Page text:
The two facilities provide a professional atmosphere for teachers and students. Students have the opportunity to rehearse and perform in both spaces with state-of-the-art technology and systems often found in professional theaters such as a Spiralift orchestra, a nine-foot Steinway concert grand piano, LED and incandescent lighting, and digital sound systems. Each facility has a professional flyway system and Clear-COMM to facilitate communication between the AV booth and dressing rooms. Each dressing room is equipped with a video monitor that displays live action in real time from the stage. Both of Buford’s awe-inspiring venues surpass many professional facilities, making for a true Broadway-type of experience for performers and audiences.
Nationally competitive ranking in academics
When it comes to academics, BCS has been crushing it. The district’s SAT scores for 2021 rose from 2020 by 37 points and are currently 85 points above state average and 124 points above the national average.
As of 2021, BHS also boasts an astounding graduation rate of 95.9%, and the college board has recognized it for exemplary scores in four distinct areas: AP stem achievement school, AP school of distinction, AP expansion school, and AP stem school.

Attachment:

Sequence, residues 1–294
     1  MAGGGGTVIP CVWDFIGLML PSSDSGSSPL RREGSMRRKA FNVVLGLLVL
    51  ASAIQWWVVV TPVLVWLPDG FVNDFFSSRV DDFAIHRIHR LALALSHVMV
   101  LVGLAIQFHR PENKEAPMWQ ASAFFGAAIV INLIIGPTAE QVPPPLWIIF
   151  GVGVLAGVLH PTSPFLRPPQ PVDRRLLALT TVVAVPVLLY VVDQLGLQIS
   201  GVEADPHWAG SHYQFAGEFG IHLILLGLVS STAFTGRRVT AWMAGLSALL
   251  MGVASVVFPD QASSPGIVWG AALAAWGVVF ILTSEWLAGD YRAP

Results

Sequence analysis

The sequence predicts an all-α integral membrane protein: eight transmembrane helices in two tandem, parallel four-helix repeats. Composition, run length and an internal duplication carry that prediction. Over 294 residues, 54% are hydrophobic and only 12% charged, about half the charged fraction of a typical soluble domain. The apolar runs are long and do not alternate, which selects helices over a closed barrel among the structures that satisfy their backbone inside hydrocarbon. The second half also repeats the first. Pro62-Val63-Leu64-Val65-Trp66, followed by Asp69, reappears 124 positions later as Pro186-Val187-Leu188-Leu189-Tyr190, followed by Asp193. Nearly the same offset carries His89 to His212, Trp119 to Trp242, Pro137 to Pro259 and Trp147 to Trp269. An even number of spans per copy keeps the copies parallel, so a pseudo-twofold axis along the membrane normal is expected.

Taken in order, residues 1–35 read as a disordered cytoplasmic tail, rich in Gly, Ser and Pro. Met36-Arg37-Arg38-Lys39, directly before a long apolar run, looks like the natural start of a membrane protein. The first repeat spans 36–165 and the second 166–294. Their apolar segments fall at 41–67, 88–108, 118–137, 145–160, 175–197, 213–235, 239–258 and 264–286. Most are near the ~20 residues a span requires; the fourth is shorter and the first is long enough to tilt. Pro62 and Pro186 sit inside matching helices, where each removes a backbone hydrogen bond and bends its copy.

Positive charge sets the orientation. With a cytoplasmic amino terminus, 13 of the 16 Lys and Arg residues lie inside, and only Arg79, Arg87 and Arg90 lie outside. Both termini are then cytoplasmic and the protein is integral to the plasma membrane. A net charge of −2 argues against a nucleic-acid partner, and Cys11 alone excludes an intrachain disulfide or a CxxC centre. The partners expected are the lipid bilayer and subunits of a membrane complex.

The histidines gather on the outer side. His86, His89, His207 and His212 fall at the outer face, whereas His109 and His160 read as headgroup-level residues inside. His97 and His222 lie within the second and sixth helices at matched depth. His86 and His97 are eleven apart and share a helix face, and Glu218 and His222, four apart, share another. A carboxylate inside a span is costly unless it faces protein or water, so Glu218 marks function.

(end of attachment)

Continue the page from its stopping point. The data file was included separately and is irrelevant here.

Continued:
“Our goal is for our students not to just be locally or nationally competitive, but to be internationally competitive.”Melanie Reed, Superintendent of Buford City Schools
What’s next for the Wolves?
The plans for BCS’s future are bright, including a bolstered curriculum that helps students remain competitive not just regionally or nationally—but also internationally. Projects in the BCS pipeline include a new career and technical education building that will include a construction lab, an engineering lab and several computer science labs, among other things. A visitor’s fieldhouse is anticipated at the Tom Riden Stadium of Buford Middle School for visiting football teams, and Buford’s cross county and track teams.
Additionally, the district continues to expand its classroom capacity throughout its cluster schools to ensure that students can learn in a classroom instead of in ‘portable learning units’ or, as they’re better known, trailers. This includes the upcoming renovations to Buford Middle School’s cafeteria, kitchen and current fieldhouse to include more classrooms as well as adding a two-story building behind Buford Senior Academy.